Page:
Germany, Luxembourg and Austria. Luxembourg, a single-region state, recorded an increase in
Denmark, comprising a single region, is marked by a very high the employment rate of 1.1 percentage points, to 63.6%, in
employment rate (75.9%). In addition to improving unemp- 2005. Even though migrant workers represent 44% of its
loyment (-19 900 persons), employment in Denmark rose in economically active population [1] (40% of them from Portugal
industry by 14 300 persons. During the period May 2004- and 8% from Italy), migration from the new MS to Luxembourg
March 2006, only 9 059 work permits were granted to new MS is limited.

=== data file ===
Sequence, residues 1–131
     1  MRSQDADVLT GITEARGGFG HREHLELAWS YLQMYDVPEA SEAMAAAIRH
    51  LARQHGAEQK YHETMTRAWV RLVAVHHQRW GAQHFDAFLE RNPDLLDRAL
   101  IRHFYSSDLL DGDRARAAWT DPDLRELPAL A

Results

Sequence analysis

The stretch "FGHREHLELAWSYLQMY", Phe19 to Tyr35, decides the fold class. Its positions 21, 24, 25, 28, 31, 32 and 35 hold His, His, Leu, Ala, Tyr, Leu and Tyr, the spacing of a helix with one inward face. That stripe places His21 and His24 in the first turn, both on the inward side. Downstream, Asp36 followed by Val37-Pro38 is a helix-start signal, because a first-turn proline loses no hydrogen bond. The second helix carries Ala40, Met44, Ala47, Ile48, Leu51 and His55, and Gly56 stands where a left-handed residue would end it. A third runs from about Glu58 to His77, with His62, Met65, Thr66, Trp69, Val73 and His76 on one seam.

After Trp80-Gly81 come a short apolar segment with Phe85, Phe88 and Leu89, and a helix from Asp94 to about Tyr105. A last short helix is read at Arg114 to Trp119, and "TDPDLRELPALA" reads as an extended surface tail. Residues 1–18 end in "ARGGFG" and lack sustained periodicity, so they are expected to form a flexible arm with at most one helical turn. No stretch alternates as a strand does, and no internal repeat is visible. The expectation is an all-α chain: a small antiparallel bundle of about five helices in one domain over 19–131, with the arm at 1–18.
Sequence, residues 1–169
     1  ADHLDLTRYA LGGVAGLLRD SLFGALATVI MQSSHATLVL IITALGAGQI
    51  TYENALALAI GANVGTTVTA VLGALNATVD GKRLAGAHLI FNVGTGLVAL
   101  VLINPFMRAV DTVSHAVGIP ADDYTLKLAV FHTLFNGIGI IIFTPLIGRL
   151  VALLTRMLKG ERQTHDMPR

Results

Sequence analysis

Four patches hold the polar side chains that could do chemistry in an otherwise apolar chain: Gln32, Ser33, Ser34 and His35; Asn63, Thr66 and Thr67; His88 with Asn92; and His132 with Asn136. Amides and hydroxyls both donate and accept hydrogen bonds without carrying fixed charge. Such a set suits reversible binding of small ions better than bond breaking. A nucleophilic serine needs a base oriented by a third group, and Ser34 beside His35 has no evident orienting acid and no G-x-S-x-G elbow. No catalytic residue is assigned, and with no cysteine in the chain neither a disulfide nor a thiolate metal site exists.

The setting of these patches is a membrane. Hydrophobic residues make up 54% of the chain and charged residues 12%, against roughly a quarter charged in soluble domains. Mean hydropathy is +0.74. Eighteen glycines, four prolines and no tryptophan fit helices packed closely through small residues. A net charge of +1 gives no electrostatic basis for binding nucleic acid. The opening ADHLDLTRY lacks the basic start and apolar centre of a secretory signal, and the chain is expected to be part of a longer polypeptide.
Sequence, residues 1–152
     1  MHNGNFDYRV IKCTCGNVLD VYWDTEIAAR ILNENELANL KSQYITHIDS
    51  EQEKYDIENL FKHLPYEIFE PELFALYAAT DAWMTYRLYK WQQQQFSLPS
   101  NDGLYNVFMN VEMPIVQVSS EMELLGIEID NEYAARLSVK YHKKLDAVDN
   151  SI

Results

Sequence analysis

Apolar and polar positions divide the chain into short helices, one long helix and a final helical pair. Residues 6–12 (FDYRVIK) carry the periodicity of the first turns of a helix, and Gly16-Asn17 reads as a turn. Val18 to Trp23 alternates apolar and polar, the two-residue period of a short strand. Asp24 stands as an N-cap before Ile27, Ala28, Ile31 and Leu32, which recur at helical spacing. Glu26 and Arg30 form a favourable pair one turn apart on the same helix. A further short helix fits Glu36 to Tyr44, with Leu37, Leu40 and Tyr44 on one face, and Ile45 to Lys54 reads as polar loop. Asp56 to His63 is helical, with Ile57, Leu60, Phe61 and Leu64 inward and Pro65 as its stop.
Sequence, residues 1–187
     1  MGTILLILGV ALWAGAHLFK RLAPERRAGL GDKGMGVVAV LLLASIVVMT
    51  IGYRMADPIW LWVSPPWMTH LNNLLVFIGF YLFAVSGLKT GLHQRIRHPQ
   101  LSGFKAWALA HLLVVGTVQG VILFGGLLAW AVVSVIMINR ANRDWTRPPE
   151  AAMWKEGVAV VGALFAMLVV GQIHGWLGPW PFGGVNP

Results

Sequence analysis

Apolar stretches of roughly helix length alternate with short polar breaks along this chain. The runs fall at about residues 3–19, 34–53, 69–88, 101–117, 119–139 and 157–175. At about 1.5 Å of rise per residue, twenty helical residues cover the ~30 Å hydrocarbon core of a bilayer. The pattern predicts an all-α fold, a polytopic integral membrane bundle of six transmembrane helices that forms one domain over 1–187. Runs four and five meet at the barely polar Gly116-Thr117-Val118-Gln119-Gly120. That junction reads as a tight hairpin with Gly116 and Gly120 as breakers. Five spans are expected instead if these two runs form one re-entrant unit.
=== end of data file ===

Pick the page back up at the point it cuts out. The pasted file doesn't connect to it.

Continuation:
residents in Denmark under the transitional regime. In Spain, the opposite trend in employment and unemploy-
A positive trend on the Greek labour market was recorded in ment led to the sharpest rise in the employment rate
two northern regions (Anatoliki Makedonia, Thraki; Kentriki in the EU-25 in 2005. Improvement in unemployment was
Makedonia), two western regions (Ionia Nisia with +5 000 self- mainly due to notable changes in northern regions (Galicia,
employed persons and Dytiki Ellada), the central region of Cantabria, País Vasco, Castilla y León and Cataluña), in Illes
Sterea Ellada (+11 600 employed in services), Peloponnisos Balears in the east, in Andalucía and Región de Murcia
(+10 400 employed in agriculture) and Attiki, comprising in the south.
the capital Athens.

Table 3: Employment and unemployment in Denmark, Luxembourg and some regions in Germany, Greece, Spain,
Ireland, Portugal and Sweden in 2004 and 2005

Country / Region Employed persons Unemployed persons Unemployment rate
aged 15 and over aged 15-74 persons aged 15 and over